Why $2 Cotton Could Be the Best Thing To Ever Happen to the Industry
Warren Shoulberg -- Home Textiles Today, March 24, 2012
Yeah, I know you're loving that headline, right? You're sitting there and remembering back to the insanity of the cotton crisis this time a year ago and wondering what in the world I'm talking about. (I wonder the same thing myself, not to worry.)
But, look at it this way: Suppose the industry had a price increase and the consumer never noticed? Wouldn't that be something?
Well, in a way, that's exactly what happened to the home textiles industry over the past 12 months. After a price deflation spiral that stretches all the way back to the mid-1990s when Wamsutta cut the price of Supercale by a few bucks, the industry was finally forced to raise prices last year. Doubling and tripling of cotton raw material costs made it impossible to hold price points anymore and some of the most sacred rules of home textiles retailing - all ending in the number 99 - quickly came tumbling down.
And guess what: The world did not end. There are some anecdotal stories about sales dropping on some key core products when the price increased, but frankly there are just as many reports that say the opposite, that sales did not decline on many products where prices jumped a buck or two, or even three. After all these years of retailers telling vendors they had to have lower prices or they weren't going to play nice, stores quietly and swiftly accepted higher prices without putting up much of a fight. Buying teams that tried to go direct to sources in Asia discovered their American supplier "partners" were not feeding them lies, the new higher prices were the price. And this was largely nonnegotiable.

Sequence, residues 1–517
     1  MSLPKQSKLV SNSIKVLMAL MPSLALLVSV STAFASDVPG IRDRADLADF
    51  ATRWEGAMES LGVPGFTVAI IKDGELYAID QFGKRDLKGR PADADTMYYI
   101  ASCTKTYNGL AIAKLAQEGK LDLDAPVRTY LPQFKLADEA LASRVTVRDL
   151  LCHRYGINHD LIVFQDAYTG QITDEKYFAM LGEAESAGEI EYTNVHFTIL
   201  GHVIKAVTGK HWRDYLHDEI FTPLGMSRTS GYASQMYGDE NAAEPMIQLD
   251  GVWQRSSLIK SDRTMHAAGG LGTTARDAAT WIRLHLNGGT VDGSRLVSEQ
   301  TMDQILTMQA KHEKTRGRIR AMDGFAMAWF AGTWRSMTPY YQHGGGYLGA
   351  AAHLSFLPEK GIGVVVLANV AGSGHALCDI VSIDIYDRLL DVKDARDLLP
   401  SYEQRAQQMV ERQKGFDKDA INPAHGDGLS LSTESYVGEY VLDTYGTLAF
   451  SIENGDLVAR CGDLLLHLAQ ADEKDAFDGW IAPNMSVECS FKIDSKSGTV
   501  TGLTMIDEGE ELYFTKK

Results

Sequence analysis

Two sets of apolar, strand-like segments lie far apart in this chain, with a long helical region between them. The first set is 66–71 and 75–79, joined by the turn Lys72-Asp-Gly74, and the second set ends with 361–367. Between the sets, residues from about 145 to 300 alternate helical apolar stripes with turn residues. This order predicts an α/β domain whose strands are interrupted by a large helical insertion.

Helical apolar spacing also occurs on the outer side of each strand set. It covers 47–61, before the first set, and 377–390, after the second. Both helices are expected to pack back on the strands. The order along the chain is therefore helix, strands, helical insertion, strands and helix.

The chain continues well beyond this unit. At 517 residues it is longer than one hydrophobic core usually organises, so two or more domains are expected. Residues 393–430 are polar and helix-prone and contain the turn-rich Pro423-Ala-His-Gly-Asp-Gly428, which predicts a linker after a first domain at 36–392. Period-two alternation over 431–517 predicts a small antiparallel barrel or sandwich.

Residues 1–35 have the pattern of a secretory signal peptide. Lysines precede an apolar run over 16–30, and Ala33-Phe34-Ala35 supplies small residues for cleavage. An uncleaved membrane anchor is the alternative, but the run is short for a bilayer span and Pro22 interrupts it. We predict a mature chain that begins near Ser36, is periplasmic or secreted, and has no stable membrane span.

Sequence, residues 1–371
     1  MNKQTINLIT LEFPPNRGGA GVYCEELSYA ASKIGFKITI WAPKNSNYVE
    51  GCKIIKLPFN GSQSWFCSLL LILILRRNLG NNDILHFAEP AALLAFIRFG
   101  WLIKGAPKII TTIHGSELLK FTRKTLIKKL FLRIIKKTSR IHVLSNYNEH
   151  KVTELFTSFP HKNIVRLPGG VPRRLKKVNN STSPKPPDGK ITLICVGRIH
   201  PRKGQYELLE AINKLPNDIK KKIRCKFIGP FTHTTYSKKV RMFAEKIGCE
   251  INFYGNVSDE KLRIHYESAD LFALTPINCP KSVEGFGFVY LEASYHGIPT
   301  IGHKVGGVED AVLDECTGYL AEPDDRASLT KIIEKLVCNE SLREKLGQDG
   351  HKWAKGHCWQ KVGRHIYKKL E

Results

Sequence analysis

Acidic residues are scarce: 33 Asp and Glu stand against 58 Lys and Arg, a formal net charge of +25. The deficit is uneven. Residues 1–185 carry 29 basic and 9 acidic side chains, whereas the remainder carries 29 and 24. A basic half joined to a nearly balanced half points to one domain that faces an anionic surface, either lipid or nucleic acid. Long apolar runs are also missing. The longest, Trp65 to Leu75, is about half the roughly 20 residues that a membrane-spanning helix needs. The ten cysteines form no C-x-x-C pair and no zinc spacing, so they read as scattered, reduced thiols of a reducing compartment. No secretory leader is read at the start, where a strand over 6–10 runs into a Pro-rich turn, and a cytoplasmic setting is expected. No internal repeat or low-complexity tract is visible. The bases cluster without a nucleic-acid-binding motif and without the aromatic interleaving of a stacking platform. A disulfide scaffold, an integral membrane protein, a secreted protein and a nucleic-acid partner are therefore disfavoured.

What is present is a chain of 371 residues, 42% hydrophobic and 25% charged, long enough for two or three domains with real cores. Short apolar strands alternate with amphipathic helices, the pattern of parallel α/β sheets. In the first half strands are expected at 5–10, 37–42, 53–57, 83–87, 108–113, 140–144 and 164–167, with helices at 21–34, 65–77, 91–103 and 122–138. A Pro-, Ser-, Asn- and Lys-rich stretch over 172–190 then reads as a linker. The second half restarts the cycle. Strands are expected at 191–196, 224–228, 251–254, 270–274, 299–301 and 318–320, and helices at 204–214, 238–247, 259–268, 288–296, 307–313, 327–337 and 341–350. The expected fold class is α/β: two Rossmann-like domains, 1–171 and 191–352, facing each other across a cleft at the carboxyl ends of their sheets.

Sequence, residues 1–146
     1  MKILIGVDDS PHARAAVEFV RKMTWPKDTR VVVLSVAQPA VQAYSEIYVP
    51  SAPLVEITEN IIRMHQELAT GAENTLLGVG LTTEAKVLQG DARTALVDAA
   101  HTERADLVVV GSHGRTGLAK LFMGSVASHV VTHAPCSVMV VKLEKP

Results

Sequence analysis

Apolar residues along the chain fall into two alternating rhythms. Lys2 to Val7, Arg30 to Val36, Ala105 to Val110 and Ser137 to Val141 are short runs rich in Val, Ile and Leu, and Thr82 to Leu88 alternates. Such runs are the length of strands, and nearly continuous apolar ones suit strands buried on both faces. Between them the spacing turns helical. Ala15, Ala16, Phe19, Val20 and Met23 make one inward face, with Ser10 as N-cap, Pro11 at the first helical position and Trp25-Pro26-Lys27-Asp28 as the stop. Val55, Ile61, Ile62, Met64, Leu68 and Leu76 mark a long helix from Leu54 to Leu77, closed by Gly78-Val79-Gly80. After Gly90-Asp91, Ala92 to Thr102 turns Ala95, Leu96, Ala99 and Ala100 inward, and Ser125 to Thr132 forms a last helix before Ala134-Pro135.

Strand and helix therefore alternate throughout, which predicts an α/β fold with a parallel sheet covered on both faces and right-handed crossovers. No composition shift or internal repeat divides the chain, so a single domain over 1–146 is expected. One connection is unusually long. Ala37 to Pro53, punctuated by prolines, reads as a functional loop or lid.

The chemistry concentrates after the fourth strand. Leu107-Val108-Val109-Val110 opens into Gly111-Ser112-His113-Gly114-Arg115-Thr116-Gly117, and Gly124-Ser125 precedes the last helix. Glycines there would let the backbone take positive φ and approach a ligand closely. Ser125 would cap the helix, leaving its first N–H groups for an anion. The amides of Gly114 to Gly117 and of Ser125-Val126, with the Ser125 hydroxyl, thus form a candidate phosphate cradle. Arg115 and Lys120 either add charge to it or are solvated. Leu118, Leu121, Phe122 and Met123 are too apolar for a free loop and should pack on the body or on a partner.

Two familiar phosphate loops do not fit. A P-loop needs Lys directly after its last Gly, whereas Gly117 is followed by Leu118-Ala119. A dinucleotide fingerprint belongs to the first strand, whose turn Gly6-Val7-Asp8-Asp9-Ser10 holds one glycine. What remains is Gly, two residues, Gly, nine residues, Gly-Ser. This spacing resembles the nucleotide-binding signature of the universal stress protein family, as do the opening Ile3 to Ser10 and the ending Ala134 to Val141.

If you look at any measure of business last year - and HTT's own numbers are as good as anybody's and better than most - they show business went up a couple of ticks last year. That was probably not so much unit sales as it was average tickets, reflecting some of these new higher prices.
Now, as the industry gets ready to gather for its semi-annual us-versus-them main event - commonly called market week - the big question is will suppliers and retailers understand that indeed the American consumer will pay a little more for most of the products they make and sell and that there isn't this insane need to drop prices.
It's not so much who is going to blink first as it is whose eye sight is better.
The industry found it impossible to raise prices until it had absolutely, positively no choice. Now, with cotton returning to manageable price levels, it has a choice again.
We'll find out soon enough what it will choose.
Warren Shoulberg Publisher/Editorial Director
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